Yung Jake proves emojis are a legitimate art form
Every day it becomes more and more apparent that emojis are useful for much more than conveying an absence of appropriate words. As it turns out, they also make a fine artistic medium in which to express a bounty of celebrity and meme portraits . Many, many emojis layered on top of each other and expertly arranged can create shading and contour and serve as the perfect vehicle to illustrate the illiteracy of our internet age.
Enter rapper and artist Yung Jake, who has been manipulating media for years on his Tumblr (he even raps about making GIFs and videos). It wasn't until emoji.ink, the paint-by-emoji website, materialized that the world really took notice of his stuff. But once word reached Time Magazine and Wired, who both featured his work, it was all over from there. Make sense; his celebrity renditions and meme appropriations are eerily accurate and equally hilarious, a bizarre alchemy in which baby chicks as shade on Larry David's face totally works.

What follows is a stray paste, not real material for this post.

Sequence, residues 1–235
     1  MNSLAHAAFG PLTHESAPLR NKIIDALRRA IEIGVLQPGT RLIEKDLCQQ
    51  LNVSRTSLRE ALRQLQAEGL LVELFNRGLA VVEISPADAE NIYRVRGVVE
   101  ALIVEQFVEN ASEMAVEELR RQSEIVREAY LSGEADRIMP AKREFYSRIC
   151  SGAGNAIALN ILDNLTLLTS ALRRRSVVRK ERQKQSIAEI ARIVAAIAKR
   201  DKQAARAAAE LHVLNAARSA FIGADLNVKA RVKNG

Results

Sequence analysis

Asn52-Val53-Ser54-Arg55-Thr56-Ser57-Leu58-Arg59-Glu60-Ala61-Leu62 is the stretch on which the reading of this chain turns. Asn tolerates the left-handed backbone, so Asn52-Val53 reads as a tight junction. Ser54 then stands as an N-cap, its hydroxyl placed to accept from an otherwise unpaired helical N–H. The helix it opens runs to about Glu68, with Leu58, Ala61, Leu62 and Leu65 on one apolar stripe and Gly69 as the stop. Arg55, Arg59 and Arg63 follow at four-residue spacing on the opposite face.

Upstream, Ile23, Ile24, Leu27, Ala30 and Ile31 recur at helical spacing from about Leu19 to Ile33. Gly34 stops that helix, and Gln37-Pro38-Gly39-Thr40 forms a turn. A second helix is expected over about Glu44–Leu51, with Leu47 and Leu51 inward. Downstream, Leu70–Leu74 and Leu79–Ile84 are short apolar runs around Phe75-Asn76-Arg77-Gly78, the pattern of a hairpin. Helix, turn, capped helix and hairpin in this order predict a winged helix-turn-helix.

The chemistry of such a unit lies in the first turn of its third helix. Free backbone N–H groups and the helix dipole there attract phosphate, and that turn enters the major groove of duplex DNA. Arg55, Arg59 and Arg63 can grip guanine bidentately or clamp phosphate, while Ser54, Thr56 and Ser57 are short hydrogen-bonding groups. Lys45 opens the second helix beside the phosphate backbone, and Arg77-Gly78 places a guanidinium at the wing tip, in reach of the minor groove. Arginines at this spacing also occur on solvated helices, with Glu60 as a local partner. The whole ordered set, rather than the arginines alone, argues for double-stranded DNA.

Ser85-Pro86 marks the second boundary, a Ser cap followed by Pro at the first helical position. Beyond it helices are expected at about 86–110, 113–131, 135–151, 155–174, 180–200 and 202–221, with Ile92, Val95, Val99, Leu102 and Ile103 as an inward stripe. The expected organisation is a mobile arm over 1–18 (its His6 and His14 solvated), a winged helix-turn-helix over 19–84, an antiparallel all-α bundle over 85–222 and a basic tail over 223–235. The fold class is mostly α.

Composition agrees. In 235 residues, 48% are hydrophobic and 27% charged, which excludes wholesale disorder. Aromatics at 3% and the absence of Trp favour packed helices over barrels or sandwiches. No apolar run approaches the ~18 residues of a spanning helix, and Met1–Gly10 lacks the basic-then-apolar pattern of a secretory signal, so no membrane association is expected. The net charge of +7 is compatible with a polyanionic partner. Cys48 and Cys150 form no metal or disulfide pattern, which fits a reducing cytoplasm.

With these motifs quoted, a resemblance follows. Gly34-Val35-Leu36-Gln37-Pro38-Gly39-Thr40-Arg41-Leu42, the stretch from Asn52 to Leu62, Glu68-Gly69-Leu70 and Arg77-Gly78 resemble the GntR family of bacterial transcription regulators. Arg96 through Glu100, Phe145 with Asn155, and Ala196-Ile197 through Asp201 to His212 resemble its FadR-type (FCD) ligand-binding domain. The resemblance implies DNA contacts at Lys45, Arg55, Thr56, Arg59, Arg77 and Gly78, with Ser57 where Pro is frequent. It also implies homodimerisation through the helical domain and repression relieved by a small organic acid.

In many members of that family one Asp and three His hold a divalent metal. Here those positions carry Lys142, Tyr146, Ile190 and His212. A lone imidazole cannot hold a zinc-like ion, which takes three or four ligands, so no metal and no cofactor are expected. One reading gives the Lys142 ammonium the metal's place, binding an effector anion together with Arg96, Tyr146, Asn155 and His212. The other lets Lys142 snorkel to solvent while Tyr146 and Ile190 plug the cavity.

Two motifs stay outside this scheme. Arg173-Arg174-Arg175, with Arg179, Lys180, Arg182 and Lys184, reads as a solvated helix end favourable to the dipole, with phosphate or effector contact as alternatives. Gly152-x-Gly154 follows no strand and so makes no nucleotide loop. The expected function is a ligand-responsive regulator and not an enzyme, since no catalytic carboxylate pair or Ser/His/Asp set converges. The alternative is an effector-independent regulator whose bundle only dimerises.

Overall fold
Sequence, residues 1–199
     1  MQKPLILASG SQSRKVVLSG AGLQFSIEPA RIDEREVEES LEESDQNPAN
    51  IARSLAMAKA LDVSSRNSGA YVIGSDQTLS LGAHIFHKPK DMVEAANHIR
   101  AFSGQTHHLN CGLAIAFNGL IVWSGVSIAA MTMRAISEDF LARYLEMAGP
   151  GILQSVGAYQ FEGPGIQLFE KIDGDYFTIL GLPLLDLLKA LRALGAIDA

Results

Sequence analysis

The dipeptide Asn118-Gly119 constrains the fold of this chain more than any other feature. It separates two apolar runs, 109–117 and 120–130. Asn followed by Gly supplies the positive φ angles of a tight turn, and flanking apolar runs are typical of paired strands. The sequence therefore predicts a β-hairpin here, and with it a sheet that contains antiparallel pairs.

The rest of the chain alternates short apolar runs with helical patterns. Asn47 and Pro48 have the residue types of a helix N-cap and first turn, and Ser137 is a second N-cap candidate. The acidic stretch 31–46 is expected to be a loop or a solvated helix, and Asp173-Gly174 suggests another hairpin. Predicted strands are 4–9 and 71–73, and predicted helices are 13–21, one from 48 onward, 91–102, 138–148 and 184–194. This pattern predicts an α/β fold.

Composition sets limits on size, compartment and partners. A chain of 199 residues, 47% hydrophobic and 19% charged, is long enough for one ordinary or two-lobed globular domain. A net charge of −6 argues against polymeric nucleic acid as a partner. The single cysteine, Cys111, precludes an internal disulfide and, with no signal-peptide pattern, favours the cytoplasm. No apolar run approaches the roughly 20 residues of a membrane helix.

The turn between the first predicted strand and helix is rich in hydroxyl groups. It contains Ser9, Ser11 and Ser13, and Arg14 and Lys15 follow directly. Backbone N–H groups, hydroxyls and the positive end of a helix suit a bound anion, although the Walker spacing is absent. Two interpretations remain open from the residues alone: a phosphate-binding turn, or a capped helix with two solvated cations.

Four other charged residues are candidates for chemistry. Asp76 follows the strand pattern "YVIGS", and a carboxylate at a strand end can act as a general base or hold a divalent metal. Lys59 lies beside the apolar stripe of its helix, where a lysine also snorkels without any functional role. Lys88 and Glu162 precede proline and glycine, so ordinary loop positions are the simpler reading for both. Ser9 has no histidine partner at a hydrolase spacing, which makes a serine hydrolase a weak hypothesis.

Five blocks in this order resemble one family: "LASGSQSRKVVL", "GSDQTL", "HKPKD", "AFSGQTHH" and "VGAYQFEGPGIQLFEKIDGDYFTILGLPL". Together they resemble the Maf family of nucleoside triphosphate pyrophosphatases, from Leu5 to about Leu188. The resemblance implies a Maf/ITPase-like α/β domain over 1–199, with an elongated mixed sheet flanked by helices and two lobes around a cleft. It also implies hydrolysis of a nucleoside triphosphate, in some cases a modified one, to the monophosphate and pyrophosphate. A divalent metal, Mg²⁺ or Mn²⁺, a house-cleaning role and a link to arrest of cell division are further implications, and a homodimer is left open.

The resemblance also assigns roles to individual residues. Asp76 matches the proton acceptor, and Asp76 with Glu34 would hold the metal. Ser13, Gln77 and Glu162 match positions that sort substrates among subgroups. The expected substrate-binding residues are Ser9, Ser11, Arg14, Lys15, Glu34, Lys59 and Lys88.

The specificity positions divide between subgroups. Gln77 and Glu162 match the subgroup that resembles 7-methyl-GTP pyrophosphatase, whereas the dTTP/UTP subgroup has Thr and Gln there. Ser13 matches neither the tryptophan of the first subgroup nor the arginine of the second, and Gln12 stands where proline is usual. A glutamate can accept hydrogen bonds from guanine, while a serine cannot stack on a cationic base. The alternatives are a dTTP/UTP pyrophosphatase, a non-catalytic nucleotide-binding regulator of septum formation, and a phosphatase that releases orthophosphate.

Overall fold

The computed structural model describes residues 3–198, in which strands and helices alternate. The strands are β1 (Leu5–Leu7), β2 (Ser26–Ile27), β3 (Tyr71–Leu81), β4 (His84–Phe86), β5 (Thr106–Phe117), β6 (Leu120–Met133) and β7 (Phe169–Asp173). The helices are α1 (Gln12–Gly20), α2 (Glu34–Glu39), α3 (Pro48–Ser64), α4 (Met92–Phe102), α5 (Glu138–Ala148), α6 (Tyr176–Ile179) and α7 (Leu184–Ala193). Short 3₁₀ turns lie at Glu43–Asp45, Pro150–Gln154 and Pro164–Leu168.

But despite a throng of loyal internet followers, Yung Jake has stayed relatively silent about his motives. He has revealed his favorite piece however: "The one of Young Thug speaks to me," Jake explained to Crave. "Also I like Young Thug."
Spoken like a trust artiste.